The sales manager will then deliver a brief homily on the golden opportunity only waiting to be grasped, the importance of industry and sobriety, always wearing a waistcoat and a hat and not importuning young women met in the course of employment; and the candidate finds himself accepted for training. This is generally given by someone who has to neglect his own work in order to do it, and to that extent is perfunctory and spasmodic. It takes the form of exhortation rather than instruction.

The new salesman now goes out "into the field". If he doesn't start bringing in orders pretty quickly he goes out on his ear too. If he starts to bring in what seems to him a reasonable number for a beginner, he is reminded that he has a quota to meet. If he achieves his quota, it is increased. It is at this stage that the gilt begins to come off the gingerbread, for from the day he gets his first order, the salesman is never allowed to feel that he is doing his job properly. His clothes and his manners, his character and efficiency, will be constantly criticised ("Nothing personal, you understand"). If his spirits droop under these attacks, he will be advised to study the works of philosophers like Norman Vincent Peale and Dale Carnegie, whose systems of non-thought (in which unqualified assertions in apposition to each other take the place of argument, Panglossianism the place of faith, and money the place of virtue) are free from any taint of unhealthy scepticism that might cause the salesman to question the wisdom of his superiors. If he works for one well-known domestic appliance firms he will be obliged to wear a company tie and sing a company song. In extreme cases he may even be told that the world's greatest salesman was called Jesus Christ.

The wage and administrative structure of the sales organisation —both pyramidical — are carefully designed to ensure that no member of it is ever off the hook. One firm of office-equipment manufacturers divides the country into a number of areas under the control of a manager and supervisor, the area being divided in turn into two territories with a salesman to each. The salesmen get £500 a year and 5% commission on all orders from their respective territories, the supervisor gets £750 a year and 2½ % on all orders from the area, and the manager gets £1,000 a year and 1% on all orders from the area.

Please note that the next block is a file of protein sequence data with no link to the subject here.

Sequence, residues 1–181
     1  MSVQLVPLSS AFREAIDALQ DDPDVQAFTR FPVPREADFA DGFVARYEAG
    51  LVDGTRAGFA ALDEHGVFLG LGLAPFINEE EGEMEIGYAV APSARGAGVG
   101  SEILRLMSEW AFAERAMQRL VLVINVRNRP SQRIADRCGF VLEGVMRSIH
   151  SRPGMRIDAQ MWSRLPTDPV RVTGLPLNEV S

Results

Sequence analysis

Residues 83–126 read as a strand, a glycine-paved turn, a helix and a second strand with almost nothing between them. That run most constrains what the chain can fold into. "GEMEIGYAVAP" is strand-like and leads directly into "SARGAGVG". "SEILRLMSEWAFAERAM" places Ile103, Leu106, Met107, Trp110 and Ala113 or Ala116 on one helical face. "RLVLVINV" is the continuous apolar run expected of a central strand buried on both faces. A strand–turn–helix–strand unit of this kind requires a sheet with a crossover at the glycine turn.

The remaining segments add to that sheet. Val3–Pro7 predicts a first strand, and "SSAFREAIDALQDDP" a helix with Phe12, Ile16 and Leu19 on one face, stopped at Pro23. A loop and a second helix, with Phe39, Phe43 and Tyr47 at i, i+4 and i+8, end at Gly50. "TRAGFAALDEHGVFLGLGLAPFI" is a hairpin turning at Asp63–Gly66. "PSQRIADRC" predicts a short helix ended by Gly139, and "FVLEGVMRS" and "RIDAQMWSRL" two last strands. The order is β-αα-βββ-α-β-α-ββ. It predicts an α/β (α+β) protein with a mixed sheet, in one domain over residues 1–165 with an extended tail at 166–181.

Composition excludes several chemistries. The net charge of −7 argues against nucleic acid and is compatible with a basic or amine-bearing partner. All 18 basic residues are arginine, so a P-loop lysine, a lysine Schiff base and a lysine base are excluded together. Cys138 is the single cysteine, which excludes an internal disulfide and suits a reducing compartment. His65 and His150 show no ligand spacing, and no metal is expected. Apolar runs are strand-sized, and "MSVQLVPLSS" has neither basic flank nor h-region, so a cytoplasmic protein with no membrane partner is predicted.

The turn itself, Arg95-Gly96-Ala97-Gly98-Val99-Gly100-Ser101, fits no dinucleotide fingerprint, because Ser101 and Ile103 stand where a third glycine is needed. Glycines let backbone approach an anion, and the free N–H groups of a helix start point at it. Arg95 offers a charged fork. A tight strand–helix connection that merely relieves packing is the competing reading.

Thus the manager and supervisor have a direct interest in raising the salesman's turnover. They do this by going out and getting orders on his territory — on which he will get his full commission and for which he will be made to feel a sense of obligation to them — but also by exerting pressure on him. This is called working as a team. The pressure is turned on at conferences (held outside business hours so as not to reduce selling time and of course encroaching on everybody's leisure) at which there will be more exhortation, minute analysis of the occasions when orders were lost (but if he had done so-and-so he would have got them) and veiled threats ("we may have to think very seriously indeed about your future with this company"). If he shows any resentment at this, he will be told that it is in his own interest, as tending to increase his selling power.

Anyone who takes up selling so that, free from immediate financial anxiety, he can devote himself to more congenial if less remunerative work, to spending more time with his family, or simply to raising hell, is going to find that he has run his head into a noose. He must keep running to stay where he is; he must earn more, not because he wants to, but to keep his job; and what energy he has left after selling and being talked at about selling will be dissipated in worrying about the selling he has yet to do. To be happy in his work he must be able to accept the nagging and the browbeating, and even to like it; his human dignity must be less important to him than the possibility of being richer.